Joined: Jun 2008
Location: Durango CO
Based on an interview I'd say he has a good chance of finishing, as that is his goal. If Ned can get to the finish line with his skills as a privateer, certainly it isn't s stretch to think KC could do the same with factory support. Unless he has to give up bike parts to one of the front runners...
From Vurb: http://vurboffroad.com/blogs/kurt-ca...ke-dakar/1189/
With years of success under his belt, FMF/KTM rider Kurt Caselli has taken on the off-road world both domestically, and internationally. But one thing is missing from his resume; a Dakar finish. Today news broke that Caselli would be replacing Marc Coma, a usual top contender in the two-week competition. Coma injured his shoulder in October, and is still unable to compete at a top level with such little recovery time. Someone needed to fill his spot, who would be better than one of the best endurance racers in the Nation? So we jumped into action for an interview with Caselli to talk about the big news.
So Kurt, it's just been announced you're racing the Dakar rally for the first time, how do you feel?
Well, it's always been on my bucket list of things to do in life, with my career, and I always told people that I wanted to start shifting my efforts of racing WORCS and off-road towards Baja-style and then eventually to some rally and Dakar. So that's been in the back of my mind for the last 5-6 years of racing and everything.
To then get call a couple of days ago, and my boss asking me if I wanted to do it. It's kind of one of those things where obviously my first reaction is “Sure, of course I want to go. It's my goal, I can't believe I'm getting this opportunity.” Then I hang up the phone with him and then I went “Oh crap, what did I get myself into?” I'm really excited, I can't believe I have this opportunity this early in my career. I still feel like I've got a lot of learning to do in Baja and just in off-road in general. I've been doing it my whole like but I feel like you never stop learning and Dakar is a whole different type of deal, it's more of a thinking race, you have to be a lot smarter, than just purely fast. I've got my work cut out for me, I definitely need to step up and just focus on finishing, which is what the factory want. They've said that right from the get-go, "We don't have any expectations, we just want you to finish.” That's good, that takes a lot off my shoulders, I know I get over there on a last minute effort and I just want to have a good time and to learn and have a good experience and hopefully do well. Obviously I want to do good but I want to learn enough to go back and be competitive in the next few years. A lot's going through my mind but I feel excited and definitely ready to go down there.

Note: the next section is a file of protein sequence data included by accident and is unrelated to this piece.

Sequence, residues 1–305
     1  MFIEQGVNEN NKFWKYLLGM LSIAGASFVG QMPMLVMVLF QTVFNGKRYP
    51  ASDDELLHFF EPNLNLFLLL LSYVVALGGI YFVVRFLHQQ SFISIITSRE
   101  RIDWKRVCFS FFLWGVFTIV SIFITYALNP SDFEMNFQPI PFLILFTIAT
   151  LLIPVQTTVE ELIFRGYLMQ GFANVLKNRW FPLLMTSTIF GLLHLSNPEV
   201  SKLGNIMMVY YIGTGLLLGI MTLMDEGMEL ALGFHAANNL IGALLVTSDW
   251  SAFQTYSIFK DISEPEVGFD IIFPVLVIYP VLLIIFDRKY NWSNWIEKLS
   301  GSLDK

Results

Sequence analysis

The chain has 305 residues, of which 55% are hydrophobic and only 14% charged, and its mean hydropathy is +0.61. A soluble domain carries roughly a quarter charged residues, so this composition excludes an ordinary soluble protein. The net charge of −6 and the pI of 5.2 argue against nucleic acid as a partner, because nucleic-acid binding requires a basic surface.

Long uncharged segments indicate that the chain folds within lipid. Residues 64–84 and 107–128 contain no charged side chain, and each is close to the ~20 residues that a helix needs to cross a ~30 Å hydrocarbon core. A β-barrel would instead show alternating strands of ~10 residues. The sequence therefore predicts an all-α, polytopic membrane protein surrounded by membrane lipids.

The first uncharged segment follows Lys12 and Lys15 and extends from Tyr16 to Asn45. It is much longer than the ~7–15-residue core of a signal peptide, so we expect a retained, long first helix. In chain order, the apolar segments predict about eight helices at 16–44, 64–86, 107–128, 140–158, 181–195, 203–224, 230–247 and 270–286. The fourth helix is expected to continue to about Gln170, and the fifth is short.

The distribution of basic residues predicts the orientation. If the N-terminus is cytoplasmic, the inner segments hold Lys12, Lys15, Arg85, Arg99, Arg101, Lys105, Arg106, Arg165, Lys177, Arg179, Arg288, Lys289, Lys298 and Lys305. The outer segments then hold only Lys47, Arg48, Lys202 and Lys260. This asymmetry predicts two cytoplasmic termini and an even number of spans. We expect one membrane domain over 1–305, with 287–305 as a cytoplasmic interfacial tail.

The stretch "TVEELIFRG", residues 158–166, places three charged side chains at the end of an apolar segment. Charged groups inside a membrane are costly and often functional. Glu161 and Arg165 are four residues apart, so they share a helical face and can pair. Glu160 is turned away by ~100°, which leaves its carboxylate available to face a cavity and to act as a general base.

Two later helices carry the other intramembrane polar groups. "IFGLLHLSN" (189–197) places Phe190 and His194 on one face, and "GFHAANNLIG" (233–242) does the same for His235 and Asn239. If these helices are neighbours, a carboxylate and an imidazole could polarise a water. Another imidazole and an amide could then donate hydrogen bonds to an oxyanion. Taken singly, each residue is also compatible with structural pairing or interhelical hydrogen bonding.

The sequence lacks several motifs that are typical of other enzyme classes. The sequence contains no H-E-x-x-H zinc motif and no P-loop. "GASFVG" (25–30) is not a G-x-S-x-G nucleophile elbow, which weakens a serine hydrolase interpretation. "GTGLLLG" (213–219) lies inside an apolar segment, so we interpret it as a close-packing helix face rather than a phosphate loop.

You really haven't got much time before it kicks off (14 days), what can you do to prepare yourself before this race starts?
Well, physically I feel like I’m up to par. I’ve recovered from an injury I had earlier this year and I’ve been working really hard with my trainer so I don't really have a doubt that my body is able, I feel like I’m ready and I haven't stopped training so I'm not worried about. I think just mentally preparing myself for the whole adventure I guess. I got a list of a few things from Chris Blais and a few other guys who have gone and e-mailed me a list of survival gear and it was kind of like, “Oh dear, I guess I need to get over and start gathering some different things.” So I'm gathering those things and obviously you carry a lot with you while you're riding, so I need to get all the tools necessary that I’m going to use and need down there and hopefully some stuff that I won't need. It's just a lot of last minute preparation on my end that I'm trying to figure out in this next week. A lot of my sponsors are running around last minute getting me the right gear and all that kind of stuff, so it's cool to be able to pull the trigger this late, and still have that support and know that by the time I fly out at the end of this month, I'll pretty much have everything ready and should be as prepared as I can be by the time I leave.